US FINANCIAL MARKET
- U.S. stocks were flat at the open on Wednesday after two days of sharp swings as investors shrugged off a softer than expected reading on the labor market and ahead of two reports on the services sector. The S&P 500 closed at a record high Tuesday.
- U.S. Secretary of State John Kerry is set to meet in Paris with his Russian counterpart Sergei Lavrov.
- Honeywell set a target of increasing overall company sales to more than $50 billion by 2018 as it spends $10 billion on acquisitions and continues to expand profit margins.
- Pet supply retailer PetSmart reported lower fourth quarter financial results on Wednesday, but beat earnings estimates. Net income came at $131 million from $134 million a year ago. Revenue for the quarter was $1.8 billion, down 2.9% from last year. Looking forward, PetSmart expects sales growth in the range of 4%-6%.
- Yahoo will stop letting consumers access its various online services, including Fantasy Sports and photo-sharing site Flickr, by signing-in with their Facebook or Google credentials.
- Boeing has won a contract valued at $1.16 billion for full-rate production of the AH-64E Apache helicopter, the U.S. Defense Department said on Tuesday.
- The controversial Keystone XL pipeline will receive President Obama’s blessing and be built to transport crude oil from Canada to Texas, TransCanada CEO Russ Girling predicted on Tuesday.
- A push by Warren Buffett’s railroad BNSF to boost oil-shipment safety is meeting resistance from Hess Corp. and other companies that say the plan would mean a surge in costs and force them to scrap thousands of tank cars.
- Railroads hauled about 400,000 carloads of oil last year, dwarfing 2005’s total of 6,000, according to Edward Jones & Co.
- Of 92,000 U.S. tank cars moving oil and ethanol, 78,000 predate the 2011 changes and would require costly modifications or be junked.
- Modifying existing rail cars to add those features, especially the steel jacket, would cost $70,000 to $90,000 and cut oil-hauling capacity because of the added weight.
US ECONOMY & POLITICS
- U.S. private employers added 139,000 jobs in February, ADP said; shy of economists’ expectations calling for a gain of 160,000 jobs. The data once again is clouded by harsh winter weather. The Labor Department will release the highly anticipated unemployment report on Friday.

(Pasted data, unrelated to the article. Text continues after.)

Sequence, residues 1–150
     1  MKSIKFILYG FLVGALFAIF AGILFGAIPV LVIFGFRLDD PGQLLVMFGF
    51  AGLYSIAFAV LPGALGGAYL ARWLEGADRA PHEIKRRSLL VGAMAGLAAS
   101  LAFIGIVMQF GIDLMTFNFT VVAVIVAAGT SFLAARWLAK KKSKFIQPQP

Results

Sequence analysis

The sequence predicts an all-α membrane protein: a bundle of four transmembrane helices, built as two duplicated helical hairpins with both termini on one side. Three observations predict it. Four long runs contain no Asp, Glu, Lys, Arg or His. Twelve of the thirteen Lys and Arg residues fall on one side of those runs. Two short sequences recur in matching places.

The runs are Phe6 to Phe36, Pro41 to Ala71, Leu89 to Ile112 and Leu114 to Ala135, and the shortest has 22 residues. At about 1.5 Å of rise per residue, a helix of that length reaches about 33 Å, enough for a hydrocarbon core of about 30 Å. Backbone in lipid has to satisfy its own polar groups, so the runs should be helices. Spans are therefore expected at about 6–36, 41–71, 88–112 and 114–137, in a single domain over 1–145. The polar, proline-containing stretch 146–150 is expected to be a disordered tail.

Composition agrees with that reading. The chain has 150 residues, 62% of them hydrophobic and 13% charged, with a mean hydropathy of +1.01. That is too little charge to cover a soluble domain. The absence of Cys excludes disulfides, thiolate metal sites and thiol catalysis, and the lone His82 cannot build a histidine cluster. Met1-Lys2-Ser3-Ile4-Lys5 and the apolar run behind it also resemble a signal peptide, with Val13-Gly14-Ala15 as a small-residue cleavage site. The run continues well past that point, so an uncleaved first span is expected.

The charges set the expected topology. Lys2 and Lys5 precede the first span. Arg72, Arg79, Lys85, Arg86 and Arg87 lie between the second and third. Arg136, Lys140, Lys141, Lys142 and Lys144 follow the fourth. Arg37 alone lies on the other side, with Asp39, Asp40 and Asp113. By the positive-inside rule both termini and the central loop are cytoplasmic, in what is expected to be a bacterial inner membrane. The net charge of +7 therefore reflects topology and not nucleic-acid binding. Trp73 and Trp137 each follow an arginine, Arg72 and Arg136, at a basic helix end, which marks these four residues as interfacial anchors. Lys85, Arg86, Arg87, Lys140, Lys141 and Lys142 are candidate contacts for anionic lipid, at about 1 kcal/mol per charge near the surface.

- Growth and the pace of hiring in the U.S. services sector slowed in February.
- Markit’s service sector purchasing managers’ index (PMI) dipped to 53.3 in February from 56.7 in January.
- Employers in the service sector, which accounts for about three-quarters of the U.S. labor market, continued to add employees, but at the slowest rate since March 2013. The final employment index came in at 51.9 in February, compared with 54.1 in January.
- February’s final composite PMI, a weighted average of manufacturing and services indexes, fell to 54.1 from 56.2 in January.
- The employment component of that index fell to 52.3 from 53.9 in January.
- President Barack Obama’s $3.901 trillion budget will raise taxes on the rich; expand tax credits for the poor and middle class. In the fiscal 2015 budget proposed yesterday, the Obama administration seeks to generate $276 billion over the next decade from what it calls loophole-closing in the international tax system.
EUROPE & WORLD
- China aims to grow its economy by about 7.5 % in 2014 and to keep consumer inflation around 3.5 % for the year. The world’s second-largest economy grew 7.7 % in 2013, steady from the previous year and fractionally above market expectations of 7.6 %.
- China budgeted spending of 15.3 trillion yuan ($2.5 trillion) in 2014 and a deficit of about 2.1 % of its GDP. The budgeted deficit for 2013 is unchanged from its fiscal deficit of 2.1 % of GDP recorded in 2013.
- GM’s China deliveries gained 20 % last month, led by sales of its Wuling microvans. GM’s China sales increased to 257,770 units in February.
- Adidas forecast 2014 profit as much as 17 % below analysts’ estimates as the weakness of currencies such as the Russian ruble and Argentine peso weighs.
TODAY in HISTORY
- The Boston Massacre, a pre-Revolutionary incident that grew out of anger towards British troops, occurred. Five anti-British rioters were killed (1770)
- Winston Churchill delivered his famous Iron curtain speech, “From Stettin in the Baltic to Trieste in the Adriatic, an Iron Curtain has descended across the continent.” (1946)
- Soviet dictator Josef Stalin died at age 73, after 29 years in power (1953)
Sources: Reuters, Yahoo Finance, Google Finance, Bloomberg, CNN Money.
This information has been prepared from sources believed to be reliable, but no representation is being made as to its accuracy or completeness. The information provided should be used only as general information and is not intended to provide specific advice or recommendations for any individual. The economic forecasts set forth in the material may not develop as predicted. All indices, such as the S & P 500, are unmanaged and may not be invested into directly.